By Ann Ehringhaus
A beautiful natural harbor greeted me and captured my heart a long time ago. There were approximately 550 people living on Ocracoke in 1971. Many were related by blood. They were drinking rainwater and eating mostly from sea and sandy gardens.
It was such a close-knit place but, of course, not everyone got along. I was only 22 and so naïve. I had just married and graduated from UNC Chapel Hill when I arrived at the Cedar Island ferry to come for a job interview.
I met a man named Elmo working on the ferry, and he was the beginning of Ocracoke history for me… 50 years ago in the summer of 1971!
Teaching at Ocracoke School showed me how connected Ocracoke people and families were. I learned about the islanders’ sense of humor and their deep love for this place. Ocracoke has shaped my adult life thanks to all the strong, creative, fun and wise friends and neighbors I have known here.
I’ve been an artist here, published several books and wrote my doctoral dissertation while living at Oscar’s House on Irvin Garrish Highway.
I’ve started several island businesses, and had opportunities to work on creative projects, be on organizing committees, and really participate in local government and the issues that were affecting the island through the years.
Whatever your fantasy or interest, I encourage you to do it, to seek the way to start something, or participate so you can SEE how people can really make a difference in our village life.
And then there were the beach cars!
I’ve had SO many old jeeps until finally Jimmy Jackson said to me, “Ann, don’t buy another beach car that costs less than $5,000,”and I listened to him.
Almost daily trips to swim in the ocean have offered great joy, and the ocean’s variety has shaped my understanding of how changeable things are, even big bodies of water — one day calm, and the next day fierce.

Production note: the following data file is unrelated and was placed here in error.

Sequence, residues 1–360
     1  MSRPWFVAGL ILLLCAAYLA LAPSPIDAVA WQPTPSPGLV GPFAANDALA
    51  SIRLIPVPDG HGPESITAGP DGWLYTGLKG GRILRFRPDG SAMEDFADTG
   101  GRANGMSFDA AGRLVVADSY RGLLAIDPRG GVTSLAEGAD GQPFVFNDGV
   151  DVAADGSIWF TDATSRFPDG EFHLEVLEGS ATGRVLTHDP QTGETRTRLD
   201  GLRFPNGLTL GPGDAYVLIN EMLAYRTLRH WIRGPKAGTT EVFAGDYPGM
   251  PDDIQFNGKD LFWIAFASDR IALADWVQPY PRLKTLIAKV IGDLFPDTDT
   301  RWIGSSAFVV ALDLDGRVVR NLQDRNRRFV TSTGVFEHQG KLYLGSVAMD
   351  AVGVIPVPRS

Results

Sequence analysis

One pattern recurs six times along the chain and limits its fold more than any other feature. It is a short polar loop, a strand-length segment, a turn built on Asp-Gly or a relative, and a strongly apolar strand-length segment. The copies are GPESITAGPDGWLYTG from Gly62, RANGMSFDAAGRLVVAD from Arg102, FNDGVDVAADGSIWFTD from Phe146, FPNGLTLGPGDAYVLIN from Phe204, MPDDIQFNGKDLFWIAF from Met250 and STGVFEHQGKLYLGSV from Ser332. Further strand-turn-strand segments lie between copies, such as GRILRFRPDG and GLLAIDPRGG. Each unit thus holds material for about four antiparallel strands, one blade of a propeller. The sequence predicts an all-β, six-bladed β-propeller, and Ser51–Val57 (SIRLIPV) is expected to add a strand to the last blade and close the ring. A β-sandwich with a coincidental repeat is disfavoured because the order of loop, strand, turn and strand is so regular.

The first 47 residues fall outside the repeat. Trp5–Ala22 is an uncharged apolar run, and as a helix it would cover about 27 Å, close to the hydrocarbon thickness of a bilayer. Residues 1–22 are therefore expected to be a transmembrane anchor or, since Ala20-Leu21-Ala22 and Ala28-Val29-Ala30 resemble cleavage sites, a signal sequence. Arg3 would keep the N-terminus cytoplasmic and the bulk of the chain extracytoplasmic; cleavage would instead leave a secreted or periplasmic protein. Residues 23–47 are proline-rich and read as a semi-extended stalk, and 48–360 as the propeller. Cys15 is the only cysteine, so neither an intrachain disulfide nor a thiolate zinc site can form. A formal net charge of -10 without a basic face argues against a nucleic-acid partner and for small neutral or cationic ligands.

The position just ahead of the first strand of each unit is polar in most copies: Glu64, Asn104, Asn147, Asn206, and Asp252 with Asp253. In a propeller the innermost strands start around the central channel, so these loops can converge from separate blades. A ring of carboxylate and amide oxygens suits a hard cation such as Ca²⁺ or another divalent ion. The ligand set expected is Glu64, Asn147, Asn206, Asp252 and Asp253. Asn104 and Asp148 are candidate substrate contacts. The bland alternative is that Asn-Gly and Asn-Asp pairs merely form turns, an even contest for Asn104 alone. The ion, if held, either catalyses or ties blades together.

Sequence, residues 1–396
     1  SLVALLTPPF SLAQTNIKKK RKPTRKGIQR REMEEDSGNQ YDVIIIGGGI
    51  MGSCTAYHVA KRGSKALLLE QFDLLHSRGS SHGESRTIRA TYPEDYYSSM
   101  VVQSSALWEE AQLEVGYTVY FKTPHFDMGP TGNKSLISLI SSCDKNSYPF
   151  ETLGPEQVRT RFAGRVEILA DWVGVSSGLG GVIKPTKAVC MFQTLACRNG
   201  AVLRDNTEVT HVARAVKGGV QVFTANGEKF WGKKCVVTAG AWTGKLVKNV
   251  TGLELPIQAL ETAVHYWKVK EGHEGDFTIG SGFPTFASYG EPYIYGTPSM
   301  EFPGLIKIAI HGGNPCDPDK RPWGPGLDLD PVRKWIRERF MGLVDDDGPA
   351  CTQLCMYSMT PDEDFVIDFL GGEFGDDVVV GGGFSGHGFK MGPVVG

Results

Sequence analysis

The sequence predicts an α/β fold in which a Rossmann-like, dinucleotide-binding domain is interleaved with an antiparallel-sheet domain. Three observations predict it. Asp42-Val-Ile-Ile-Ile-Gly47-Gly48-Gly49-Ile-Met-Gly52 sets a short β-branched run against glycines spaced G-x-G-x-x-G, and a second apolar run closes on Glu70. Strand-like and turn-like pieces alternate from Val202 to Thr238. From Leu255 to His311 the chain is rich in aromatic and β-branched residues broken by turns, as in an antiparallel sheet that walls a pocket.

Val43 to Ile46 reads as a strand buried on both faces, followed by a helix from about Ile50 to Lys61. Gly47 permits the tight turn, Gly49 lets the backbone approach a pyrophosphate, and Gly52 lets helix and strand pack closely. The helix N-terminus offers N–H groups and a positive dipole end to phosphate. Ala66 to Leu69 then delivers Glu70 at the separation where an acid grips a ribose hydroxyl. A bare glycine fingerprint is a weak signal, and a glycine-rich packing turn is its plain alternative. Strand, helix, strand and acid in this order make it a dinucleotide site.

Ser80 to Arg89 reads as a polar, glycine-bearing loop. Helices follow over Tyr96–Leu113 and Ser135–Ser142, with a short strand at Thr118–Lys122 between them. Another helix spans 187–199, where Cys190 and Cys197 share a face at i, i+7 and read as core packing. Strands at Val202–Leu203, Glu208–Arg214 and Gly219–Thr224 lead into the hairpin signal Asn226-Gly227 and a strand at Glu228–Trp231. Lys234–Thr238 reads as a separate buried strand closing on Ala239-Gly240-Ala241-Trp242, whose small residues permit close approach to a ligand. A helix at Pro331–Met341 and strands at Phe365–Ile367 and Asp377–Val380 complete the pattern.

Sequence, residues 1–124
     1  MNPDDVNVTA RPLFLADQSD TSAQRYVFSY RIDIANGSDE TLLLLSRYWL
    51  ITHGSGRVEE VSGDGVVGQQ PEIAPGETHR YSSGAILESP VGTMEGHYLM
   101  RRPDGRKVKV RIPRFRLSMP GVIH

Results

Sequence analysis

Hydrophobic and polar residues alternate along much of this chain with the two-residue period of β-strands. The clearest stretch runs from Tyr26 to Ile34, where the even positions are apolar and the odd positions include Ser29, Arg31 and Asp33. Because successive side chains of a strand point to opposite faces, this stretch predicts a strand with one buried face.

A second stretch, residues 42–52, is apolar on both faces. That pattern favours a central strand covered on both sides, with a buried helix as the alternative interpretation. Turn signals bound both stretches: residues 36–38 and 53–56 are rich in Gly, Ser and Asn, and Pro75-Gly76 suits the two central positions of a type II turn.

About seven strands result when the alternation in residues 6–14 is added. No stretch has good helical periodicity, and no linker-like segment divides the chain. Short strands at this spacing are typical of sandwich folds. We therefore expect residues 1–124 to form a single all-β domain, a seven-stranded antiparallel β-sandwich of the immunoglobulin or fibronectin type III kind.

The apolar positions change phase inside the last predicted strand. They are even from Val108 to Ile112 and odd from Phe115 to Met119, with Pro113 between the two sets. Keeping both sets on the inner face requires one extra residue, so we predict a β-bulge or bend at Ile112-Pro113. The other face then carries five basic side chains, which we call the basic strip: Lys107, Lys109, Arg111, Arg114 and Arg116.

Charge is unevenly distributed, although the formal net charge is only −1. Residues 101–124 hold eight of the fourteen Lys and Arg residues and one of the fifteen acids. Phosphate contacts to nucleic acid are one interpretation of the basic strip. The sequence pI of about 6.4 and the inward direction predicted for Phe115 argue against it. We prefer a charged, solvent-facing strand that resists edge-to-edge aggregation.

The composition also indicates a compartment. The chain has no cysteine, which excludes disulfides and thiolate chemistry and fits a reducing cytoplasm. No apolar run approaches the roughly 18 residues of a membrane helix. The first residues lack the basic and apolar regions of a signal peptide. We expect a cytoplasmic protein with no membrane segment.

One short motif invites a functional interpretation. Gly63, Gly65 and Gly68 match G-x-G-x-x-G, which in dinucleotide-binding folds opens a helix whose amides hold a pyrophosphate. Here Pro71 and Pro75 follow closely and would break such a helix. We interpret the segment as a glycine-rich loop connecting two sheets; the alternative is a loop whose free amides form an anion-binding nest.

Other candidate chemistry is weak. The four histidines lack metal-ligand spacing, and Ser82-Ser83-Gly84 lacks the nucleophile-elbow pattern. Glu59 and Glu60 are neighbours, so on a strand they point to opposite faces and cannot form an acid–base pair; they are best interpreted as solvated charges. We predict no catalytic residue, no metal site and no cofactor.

But mostly I’m thankful for living in this little place that is ruled by Big Nature.
I have learned my plans are simply that — plans. They may or may not actually happen, mostly due to weather. Living close to these powerful forces has taught me whatever I know about acceptance and that I am in charge of only a few small things.
I have surrendered to the infinite life I experience here and also on Portsmouth Island.
I loved traveling to Portsmouth with Junius Austin, and later his sons Rudy and Donald. In recent years I have worked for the Park Service at the two cabin camps on Portsmouth and this August 2021 will work at the Cape Lookout Lighthouse.
These precious days and nights with the barrier island beach and sky fill me up in inexplicable ways I can only express through art and writing.
Ocracoke is so deep in my heart and bones.
Today I am 72, and not so naïve anymore. No matter where I go, you, amazing island, are with me.
Living here as my primary home for 50 years has been my great fortune. In coming years, I don’t know where life will take me, but I feel we will see Hurricane Dorian as a turning point, just as World War II and tourism have been.
I was so lucky to know Ocracoke when community was its backbone, before tourism was a big factor, before we had any bars, and all ages danced together almost every Saturday night.
Life was truly simpler and less regulated. I have grown up on Ocracoke and for that I am forever thankful.
Ann Ehringhaus is a photographer and author of Ocracoke Portrait (1988) and Ten Thousand Breakfasts (2013), both about life on Ocracoke. For 33 years. she operated Oscar’s House Bed and Breakfast, the subject of her 2013 book.